The future site of Salem’s navigation center, now a vacant building located at 1185 22nd St. S.E. (Saphara Harrell/Salem Reporter)
The Marion County Board of Commissioners is considering dedicating up to $3 million in federal money to a navigation center that would help homeless people move into permanent housing.
Commissioners met Monday with Salem Mayor Chuck Bennett and other city officials and expressed interest in providing the funds, according to Commissioner Danielle Bethell.
Bethell said city officials plan on opening the navigation center in fall 2022.
Commissioner Danielle Bethell said city and county officials have met four times over the past year to discuss plans for the navigation center.
“This is just an opportunity to say here is a discussion that we have been invested in for some time, and we’re looking at applying a substantial dollar amount to the effort,” Bethell said.
The state legislature allocated $5 million in May 2021 to fund two years of the center’s operations. Salem used federal Covid relief money to buy a vacant building at 1185 22nd St. S .E. for $2.75 million, and pay for property taxes and site improvements. The building has served as a warming center this winter.
Millions more are still needed to cover additional costs that increased due to fire and safety standards for sheltering, rising construction costs and supply chain issues, according to a city staff report provided to the Salem City Council in December.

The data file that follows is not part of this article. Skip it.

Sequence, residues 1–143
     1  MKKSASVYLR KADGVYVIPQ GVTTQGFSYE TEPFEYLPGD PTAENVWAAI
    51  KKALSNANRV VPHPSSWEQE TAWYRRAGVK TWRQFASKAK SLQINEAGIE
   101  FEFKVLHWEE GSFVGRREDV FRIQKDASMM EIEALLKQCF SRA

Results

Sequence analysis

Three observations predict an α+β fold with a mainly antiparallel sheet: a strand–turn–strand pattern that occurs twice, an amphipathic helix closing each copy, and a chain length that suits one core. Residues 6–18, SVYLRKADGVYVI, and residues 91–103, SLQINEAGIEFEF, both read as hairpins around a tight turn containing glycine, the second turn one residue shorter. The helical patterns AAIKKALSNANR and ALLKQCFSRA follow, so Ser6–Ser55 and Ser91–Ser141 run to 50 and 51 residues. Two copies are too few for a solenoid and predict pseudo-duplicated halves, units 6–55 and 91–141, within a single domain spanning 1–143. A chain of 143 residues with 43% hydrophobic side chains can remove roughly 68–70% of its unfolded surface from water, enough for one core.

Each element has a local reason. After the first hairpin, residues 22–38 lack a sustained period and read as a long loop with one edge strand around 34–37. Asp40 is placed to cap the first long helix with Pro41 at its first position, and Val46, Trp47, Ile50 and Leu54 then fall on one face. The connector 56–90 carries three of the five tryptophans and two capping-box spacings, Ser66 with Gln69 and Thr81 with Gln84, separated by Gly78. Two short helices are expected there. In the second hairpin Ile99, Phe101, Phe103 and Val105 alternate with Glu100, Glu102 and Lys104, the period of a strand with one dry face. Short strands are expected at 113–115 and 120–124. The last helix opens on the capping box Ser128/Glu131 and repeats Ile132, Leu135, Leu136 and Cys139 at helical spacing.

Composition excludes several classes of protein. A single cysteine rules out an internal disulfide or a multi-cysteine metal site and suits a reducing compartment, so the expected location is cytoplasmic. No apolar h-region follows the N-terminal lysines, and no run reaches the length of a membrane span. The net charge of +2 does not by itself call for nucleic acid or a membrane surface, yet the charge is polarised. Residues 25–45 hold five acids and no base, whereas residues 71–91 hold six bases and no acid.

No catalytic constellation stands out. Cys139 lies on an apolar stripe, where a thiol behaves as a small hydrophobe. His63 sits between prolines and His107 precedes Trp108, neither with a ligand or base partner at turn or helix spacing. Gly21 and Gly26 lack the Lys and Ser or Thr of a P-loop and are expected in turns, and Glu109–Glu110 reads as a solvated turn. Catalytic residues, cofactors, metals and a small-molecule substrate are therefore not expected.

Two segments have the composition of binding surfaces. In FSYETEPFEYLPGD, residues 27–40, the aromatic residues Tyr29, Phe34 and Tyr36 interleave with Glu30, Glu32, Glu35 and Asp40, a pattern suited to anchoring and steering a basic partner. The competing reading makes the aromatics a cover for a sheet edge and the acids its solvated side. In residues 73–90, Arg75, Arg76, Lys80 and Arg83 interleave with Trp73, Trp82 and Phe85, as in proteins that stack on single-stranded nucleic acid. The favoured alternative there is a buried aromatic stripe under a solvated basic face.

Bethell said city officials asked the county to invest in the remodeling of the building. Commissioners haven’t announced a date when they will vote on providing the funding.
With $3 million from the county, the project would still need another $1.9 million to do a full building remodel.
City councilors said seeking more state money for the center is a top priority for the 2022 Legislative session, which begins next week.
The building, which used to house a state Department of Human Services office, needs heating, ventilation, air conditioning, a fire sprinkler system, an office remodel, bathrooms, showers and an expanded kitchen, Bethell said.
When opened, the facility is intended to operate as a short-term shelter for 35 to 40 people where they can stabilize for two to four months until they transition into housing. It would be open 24 hours a day to help people with other more immediate, basic needs like toilets or potable water.
Bethell said the county is also committing to have behavioral health navigators on site, as well as staff from the Marion County Sheriff’s Office and Law Enforcement Assisted Diversion Program, which connects people who commit low-level crimes with social services rather than the criminal justice system.
“(City officials) have worked diligently within the community to just create a sustainable plan,” Bethell said.
She said they struggled with being funded in two-year increments, as the legislature allocates money biannually, and have been concerned about committing long-term investment “to a project that really does need substantial operational support.”
“We are committed to making this work because it is a solution that we believe is necessary to really get lift in moving forward to prevent homelessness all around,” Bethell said.
Contact reporter Ardeshir Tabrizian: [email protected] or 503-929-3053.
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